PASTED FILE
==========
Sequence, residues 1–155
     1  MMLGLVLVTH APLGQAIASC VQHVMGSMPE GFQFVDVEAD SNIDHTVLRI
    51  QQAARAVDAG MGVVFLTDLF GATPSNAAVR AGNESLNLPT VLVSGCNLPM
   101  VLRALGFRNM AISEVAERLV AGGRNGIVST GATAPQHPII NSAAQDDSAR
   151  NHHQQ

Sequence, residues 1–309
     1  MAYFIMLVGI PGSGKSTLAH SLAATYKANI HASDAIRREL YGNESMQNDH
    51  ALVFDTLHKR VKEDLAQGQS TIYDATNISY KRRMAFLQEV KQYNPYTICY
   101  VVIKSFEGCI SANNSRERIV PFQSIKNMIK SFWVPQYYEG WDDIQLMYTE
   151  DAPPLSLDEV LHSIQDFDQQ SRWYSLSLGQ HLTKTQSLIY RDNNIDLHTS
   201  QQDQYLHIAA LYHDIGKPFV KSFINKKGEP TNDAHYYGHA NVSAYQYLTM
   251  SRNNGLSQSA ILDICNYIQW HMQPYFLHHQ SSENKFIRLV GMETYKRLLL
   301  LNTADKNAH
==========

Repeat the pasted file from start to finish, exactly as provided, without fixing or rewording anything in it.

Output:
Sequence, residues 1–155
     1  MMLGLVLVTH APLGQAIASC VQHVMGSMPE GFQFVDVEAD SNIDHTVLRI
    51  QQAARAVDAG MGVVFLTDLF GATPSNAAVR AGNESLNLPT VLVSGCNLPM
   101  VLRALGFRNM AISEVAERLV AGGRNGIVST GATAPQHPII NSAAQDDSAR
   151  NHHQQ

Sequence, residues 1–309
     1  MAYFIMLVGI PGSGKSTLAH SLAATYKANI HASDAIRREL YGNESMQNDH
    51  ALVFDTLHKR VKEDLAQGQS TIYDATNISY KRRMAFLQEV KQYNPYTICY
   101  VVIKSFEGCI SANNSRERIV PFQSIKNMIK SFWVPQYYEG WDDIQLMYTE
   151  DAPPLSLDEV LHSIQDFDQQ SRWYSLSLGQ HLTKTQSLIY RDNNIDLHTS
   201  QQDQYLHIAA LYHDIGKPFV KSFINKKGEP TNDAHYYGHA NVSAYQYLTM
   251  SRNNGLSQSA ILDICNYIQW HMQPYFLHHQ SSENKFIRLV GMETYKRLLL
   301  LNTADKNAH